Tag Archives: Indigenous People

Reflections from Vienna Monuments to Statues to Sir John A and Residential Schools

By Dr David Laing Dawson

I have just visited memorials commemorating the successful defense of Vienna in 1638. The Turks were at the city gate and undermining the wall. They were just a few days away from plundering the city when the cavalry arrived, contingents from Poland, Cossacks from the Ukraine among many others, warriors from the Christian nations assembled by the emperor of Poland.

And it reminded me that all the tribes of humans have been conquering, pillaging and plundering each other for thousands of years. And that includes the tribes of the First Nations, the Ojibway, the Mohawk, the Sioux and all the others. And conquering meant, beside pillaging and plundering, killing or enslaving the men and boys and raping and/or assuming ownership of the girls and women.

It had been the way of mankind for centuries, and, here and there it seems, it still is.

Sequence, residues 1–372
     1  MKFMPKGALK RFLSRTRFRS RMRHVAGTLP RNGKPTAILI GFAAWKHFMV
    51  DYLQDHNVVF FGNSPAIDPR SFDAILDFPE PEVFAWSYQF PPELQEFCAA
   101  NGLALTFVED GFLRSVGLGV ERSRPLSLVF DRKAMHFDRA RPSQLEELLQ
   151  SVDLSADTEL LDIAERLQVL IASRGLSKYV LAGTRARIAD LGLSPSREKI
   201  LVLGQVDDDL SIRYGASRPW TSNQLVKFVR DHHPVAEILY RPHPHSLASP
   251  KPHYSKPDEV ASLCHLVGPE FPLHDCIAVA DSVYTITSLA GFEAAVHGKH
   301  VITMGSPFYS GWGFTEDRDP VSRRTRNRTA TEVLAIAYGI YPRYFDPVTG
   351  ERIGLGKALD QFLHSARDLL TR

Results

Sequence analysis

During John A. McDonald’s lifetime the Americans to the south were still sending out the cavalry to kill as many Indians as they could. (the official policy was “removal” but that usually meant massacre)

In Canada the conquering had taken place by the British and French, with some killing and plundering but also with a number of treaties. Now what to do with the conquered, the many scattered tribes, the people we now refer to as First Nations?

If history were to guide it would tell us the conquering should continue, killing and enslavement of the males, the rape and enslavement of the females.

But John A. and others in the newly formed Canada decided on a different plan. They would round up all the Indian children and send them to boarding schools while leaving the adults to hunt and gather, fish and farm, on land set aside for them. The plan may have been to “take the Indian out of the child” along with learning English or French and a bit of arithmetic, and it proved to be not so great an idea, especially letting the church run the program, but all in all, considering historic precedent, including the way a conquering aboriginal tribe treated a conquered aboriginal tribe, was not this idea really a quantum leap forward? I mean compared to all we know of the ways of human tribes throughout history?

I am not suggesting we raise new statues of John A. McDonald, but those we have deserve to remain. We now view residential schools as a destructive force, destructive to family and culture, but for John McDonald, it was not just a reasonable decision for the time, but a big step forward.

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